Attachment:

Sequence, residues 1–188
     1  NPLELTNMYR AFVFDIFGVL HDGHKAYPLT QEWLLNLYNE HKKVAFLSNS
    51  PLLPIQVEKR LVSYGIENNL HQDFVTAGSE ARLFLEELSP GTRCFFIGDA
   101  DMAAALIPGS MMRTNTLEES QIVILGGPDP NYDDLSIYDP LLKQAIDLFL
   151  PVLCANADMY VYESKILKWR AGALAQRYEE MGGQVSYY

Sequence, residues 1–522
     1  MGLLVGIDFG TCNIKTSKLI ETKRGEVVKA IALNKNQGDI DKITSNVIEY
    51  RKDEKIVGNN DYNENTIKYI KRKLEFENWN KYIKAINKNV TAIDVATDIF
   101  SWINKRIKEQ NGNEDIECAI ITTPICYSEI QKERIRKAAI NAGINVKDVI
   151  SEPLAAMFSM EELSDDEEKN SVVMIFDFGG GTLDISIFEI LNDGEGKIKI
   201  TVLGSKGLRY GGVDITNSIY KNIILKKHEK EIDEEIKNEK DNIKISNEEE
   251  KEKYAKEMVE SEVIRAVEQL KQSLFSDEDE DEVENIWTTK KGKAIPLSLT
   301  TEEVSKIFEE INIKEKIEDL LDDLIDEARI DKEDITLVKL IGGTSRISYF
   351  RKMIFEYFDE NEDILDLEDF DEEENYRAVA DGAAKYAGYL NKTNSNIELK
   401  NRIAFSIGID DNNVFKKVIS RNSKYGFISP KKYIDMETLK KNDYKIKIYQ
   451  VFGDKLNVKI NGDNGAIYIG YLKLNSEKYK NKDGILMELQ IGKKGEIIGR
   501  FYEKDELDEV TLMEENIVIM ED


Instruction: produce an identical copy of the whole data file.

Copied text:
Sequence, residues 1–188
     1  NPLELTNMYR AFVFDIFGVL HDGHKAYPLT QEWLLNLYNE HKKVAFLSNS
    51  PLLPIQVEKR LVSYGIENNL HQDFVTAGSE ARLFLEELSP GTRCFFIGDA
   101  DMAAALIPGS MMRTNTLEES QIVILGGPDP NYDDLSIYDP LLKQAIDLFL
   151  PVLCANADMY VYESKILKWR AGALAQRYEE MGGQVSYY

Sequence, residues 1–522
     1  MGLLVGIDFG TCNIKTSKLI ETKRGEVVKA IALNKNQGDI DKITSNVIEY
    51  RKDEKIVGNN DYNENTIKYI KRKLEFENWN KYIKAINKNV TAIDVATDIF
   101  SWINKRIKEQ NGNEDIECAI ITTPICYSEI QKERIRKAAI NAGINVKDVI
   151  SEPLAAMFSM EELSDDEEKN SVVMIFDFGG GTLDISIFEI LNDGEGKIKI
   201  TVLGSKGLRY GGVDITNSIY KNIILKKHEK EIDEEIKNEK DNIKISNEEE
   251  KEKYAKEMVE SEVIRAVEQL KQSLFSDEDE DEVENIWTTK KGKAIPLSLT
   301  TEEVSKIFEE INIKEKIEDL LDDLIDEARI DKEDITLVKL IGGTSRISYF
   351  RKMIFEYFDE NEDILDLEDF DEEENYRAVA DGAAKYAGYL NKTNSNIELK
   401  NRIAFSIGID DNNVFKKVIS RNSKYGFISP KKYIDMETLK KNDYKIKIYQ
   451  VFGDKLNVKI NGDNGAIYIG YLKLNSEKYK NKDGILMELQ IGKKGEIIGR
   501  FYEKDELDEV TLMEENIVIM ED